Apple tells suppliers about diversifying production away from China

Apple tells suppliers about diversifying production away from China
During the peak of the trade war with China when the U.S. was slapping import taxes on products shipped to the U.S. from China, Apple considered moving production out of China and into India and Vietnam. According to The Wall Street Journal, Apple has been in touch with its contract manufacturers about making such a move. This time, the issue isn't a trade war but an attempt by Apple to diversify where it has its products assembled.

Apple needs to diversify production out of China

The pandemic forced Apple to put these plans on hold. With lockdowns taking place in Shanghai, the reemergence of COVID has made it clear to Apple that it does need to diversify production geographically. Some of Apple's products are already made in India and Vietnam. Apple has produced older iPhone models in India in order to escape an import tax that could take prices for its handsets out of reach for consumers in this developing country (which is also the second-largest smartphone market worldwide).

This production, churned out by Foxconn in India, builds iPhone units for domestic sales in conjunction with Prime Minister Narendra Modi's Make in India initiative designed to increase the production of domestically produced products. Apple plans on opening its first store in India on August 15th of this year in Mumbai with a second store planned for Delhi and a third for Bengaluru. That date, August 15th, is also Independence Day in the country.

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While reducing production in China would lessen Apple's dependence on a country with so much geopolitical risk, the problem Apple has is that only China has the ability to fill Apple's huge orders. Besides finding a supply chain able to deliver supplies in the quality and quantity demanded by Apple, other production hubs also need to have experienced and cheap labor available.

Currently, 90% of Apple products are made in China which is a risk that Apple won't always be able to survive. After all, the government is communist and there is concern over the battles between China and the U.S. What Apple does decide to do here is going to be of consequence for many other major Western manufacturers that often get cues from Apple. Last month, Apple CEO Tim Cook said, "Our supply chain is truly global, and so the products are made everywhere. We continue to look at optimizing."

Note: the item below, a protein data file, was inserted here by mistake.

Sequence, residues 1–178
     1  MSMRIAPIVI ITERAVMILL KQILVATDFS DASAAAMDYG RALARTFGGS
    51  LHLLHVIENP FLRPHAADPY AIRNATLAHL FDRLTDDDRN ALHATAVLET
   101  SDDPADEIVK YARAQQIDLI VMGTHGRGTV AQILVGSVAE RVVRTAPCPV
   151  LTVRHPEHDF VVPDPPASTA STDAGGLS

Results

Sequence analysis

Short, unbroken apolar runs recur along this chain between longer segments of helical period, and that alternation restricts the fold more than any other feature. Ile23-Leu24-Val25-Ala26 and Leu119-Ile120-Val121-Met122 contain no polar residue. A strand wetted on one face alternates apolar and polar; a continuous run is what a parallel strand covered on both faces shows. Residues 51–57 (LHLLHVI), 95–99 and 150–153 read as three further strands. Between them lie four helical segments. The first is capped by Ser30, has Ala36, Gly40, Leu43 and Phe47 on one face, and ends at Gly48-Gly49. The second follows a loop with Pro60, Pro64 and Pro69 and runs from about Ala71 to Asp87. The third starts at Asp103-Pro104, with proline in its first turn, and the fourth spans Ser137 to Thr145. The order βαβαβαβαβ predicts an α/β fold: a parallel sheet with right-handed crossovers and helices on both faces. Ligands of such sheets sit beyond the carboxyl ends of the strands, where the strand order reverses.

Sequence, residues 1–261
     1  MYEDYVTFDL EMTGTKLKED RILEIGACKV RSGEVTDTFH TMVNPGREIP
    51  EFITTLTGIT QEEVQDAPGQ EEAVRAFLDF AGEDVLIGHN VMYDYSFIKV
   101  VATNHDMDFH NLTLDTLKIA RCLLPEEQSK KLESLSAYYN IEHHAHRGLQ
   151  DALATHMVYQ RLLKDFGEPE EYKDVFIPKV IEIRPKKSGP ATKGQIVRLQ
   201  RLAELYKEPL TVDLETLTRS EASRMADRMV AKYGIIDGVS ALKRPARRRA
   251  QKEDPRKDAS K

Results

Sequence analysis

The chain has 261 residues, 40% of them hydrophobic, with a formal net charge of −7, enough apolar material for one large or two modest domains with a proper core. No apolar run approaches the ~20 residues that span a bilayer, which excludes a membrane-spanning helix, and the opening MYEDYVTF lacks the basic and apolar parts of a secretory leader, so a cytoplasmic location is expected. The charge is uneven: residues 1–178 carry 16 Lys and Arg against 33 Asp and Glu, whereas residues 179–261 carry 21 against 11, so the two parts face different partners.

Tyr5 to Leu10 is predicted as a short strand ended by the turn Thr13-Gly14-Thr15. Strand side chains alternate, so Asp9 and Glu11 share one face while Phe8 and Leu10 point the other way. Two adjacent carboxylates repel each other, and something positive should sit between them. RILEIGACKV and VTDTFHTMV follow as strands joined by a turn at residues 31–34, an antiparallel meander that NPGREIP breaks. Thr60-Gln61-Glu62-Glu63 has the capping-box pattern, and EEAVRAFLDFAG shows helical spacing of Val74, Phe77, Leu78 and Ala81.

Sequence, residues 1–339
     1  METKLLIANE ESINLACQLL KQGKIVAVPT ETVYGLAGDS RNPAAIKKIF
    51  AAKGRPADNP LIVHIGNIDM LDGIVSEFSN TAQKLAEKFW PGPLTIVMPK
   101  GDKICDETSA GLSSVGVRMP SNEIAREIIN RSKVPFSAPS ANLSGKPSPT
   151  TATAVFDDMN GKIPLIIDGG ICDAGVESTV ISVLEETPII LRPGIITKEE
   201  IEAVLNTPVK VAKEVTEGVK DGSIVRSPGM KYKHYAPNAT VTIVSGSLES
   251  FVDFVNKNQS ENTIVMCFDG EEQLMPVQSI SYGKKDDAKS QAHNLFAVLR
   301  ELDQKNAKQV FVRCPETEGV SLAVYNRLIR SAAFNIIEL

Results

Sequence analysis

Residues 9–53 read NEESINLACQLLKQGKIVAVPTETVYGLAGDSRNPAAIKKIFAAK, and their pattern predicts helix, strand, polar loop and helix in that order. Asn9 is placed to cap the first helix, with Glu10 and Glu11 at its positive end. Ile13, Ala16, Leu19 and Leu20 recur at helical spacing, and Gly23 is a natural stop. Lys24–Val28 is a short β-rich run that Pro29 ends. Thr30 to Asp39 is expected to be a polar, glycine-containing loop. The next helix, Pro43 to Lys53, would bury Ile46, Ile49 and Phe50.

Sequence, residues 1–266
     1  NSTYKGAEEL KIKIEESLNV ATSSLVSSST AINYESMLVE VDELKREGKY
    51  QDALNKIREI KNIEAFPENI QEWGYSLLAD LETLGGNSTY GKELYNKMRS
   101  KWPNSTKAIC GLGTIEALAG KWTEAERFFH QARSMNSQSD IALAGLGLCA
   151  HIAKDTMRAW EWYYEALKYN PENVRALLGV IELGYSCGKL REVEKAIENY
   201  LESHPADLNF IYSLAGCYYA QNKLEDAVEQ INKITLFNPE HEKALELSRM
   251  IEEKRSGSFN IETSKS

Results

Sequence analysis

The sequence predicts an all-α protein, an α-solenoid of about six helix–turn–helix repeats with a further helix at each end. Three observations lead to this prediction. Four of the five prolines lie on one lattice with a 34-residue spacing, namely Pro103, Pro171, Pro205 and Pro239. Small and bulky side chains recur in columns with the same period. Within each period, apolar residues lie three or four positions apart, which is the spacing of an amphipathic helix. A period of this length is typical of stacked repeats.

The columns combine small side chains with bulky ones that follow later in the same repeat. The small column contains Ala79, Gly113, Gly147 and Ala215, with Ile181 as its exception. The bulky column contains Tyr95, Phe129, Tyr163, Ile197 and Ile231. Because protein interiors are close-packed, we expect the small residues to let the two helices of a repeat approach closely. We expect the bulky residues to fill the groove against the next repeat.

Apple's size and power allow it to make certain demands to its supply chain

Because of its size, Apple is in the position where it can make demands to its supply chain and get what it wants. Apple is telling its contractors exactly where it would like them to build plants according to those in the know. TF International analyst Ming-Chi Kuo often talks about upcoming Apple hardware and software, but he does have something to say about Apple's clout in supply chain discussions. Kuo states, "Only a company like Apple can press for such supply-chain shifts."

Still, it is hard to see any country replacing China at the top of Apple's supply chain. The country sports a workforce that is not only well-trained but is also cheap labor compared to the U.S. It also is close to Apple's network of parts suppliers. In addition, with sales in China accounting for as much as 20% of global revenue for some of its products, keeping production in China is a major advantage for Apple.

For example, at the beginning of the year, Cook stated that Apple was responsible for the four top-selling phones in urban China. During the same time period, an industry executive involved in Apple's supply chain said, "Given the size of the domestic market and the well-established ecosystem for manufacturing, China would stay at the head of the pack and handle more value-added work for companies like Apple." In other words, despite all of the talk, don't expect any changes to the top of Apple's supply chain.

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